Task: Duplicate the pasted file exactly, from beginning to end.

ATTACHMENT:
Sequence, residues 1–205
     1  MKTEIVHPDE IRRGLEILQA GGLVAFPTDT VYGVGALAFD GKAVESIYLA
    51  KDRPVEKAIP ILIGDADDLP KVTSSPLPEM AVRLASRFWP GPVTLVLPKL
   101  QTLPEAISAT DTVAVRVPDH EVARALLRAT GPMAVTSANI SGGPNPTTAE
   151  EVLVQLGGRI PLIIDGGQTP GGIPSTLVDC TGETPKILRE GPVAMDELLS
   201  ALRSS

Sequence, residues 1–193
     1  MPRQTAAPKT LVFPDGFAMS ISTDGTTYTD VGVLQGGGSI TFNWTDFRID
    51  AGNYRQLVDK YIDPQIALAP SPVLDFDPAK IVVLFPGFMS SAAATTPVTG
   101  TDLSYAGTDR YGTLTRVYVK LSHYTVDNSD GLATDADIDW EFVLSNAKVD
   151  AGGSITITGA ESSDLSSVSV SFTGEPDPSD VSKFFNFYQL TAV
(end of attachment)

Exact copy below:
Sequence, residues 1–205
     1  MKTEIVHPDE IRRGLEILQA GGLVAFPTDT VYGVGALAFD GKAVESIYLA
    51  KDRPVEKAIP ILIGDADDLP KVTSSPLPEM AVRLASRFWP GPVTLVLPKL
   101  QTLPEAISAT DTVAVRVPDH EVARALLRAT GPMAVTSANI SGGPNPTTAE
   151  EVLVQLGGRI PLIIDGGQTP GGIPSTLVDC TGETPKILRE GPVAMDELLS
   201  ALRSS

Sequence, residues 1–193
     1  MPRQTAAPKT LVFPDGFAMS ISTDGTTYTD VGVLQGGGSI TFNWTDFRID
    51  AGNYRQLVDK YIDPQIALAP SPVLDFDPAK IVVLFPGFMS SAAATTPVTG
   101  TDLSYAGTDR YGTLTRVYVK LSHYTVDNSD GLATDADIDW EFVLSNAKVD
   151  AGGSITITGA ESSDLSSVSV SFTGEPDPSD VSKFFNFYQL TAV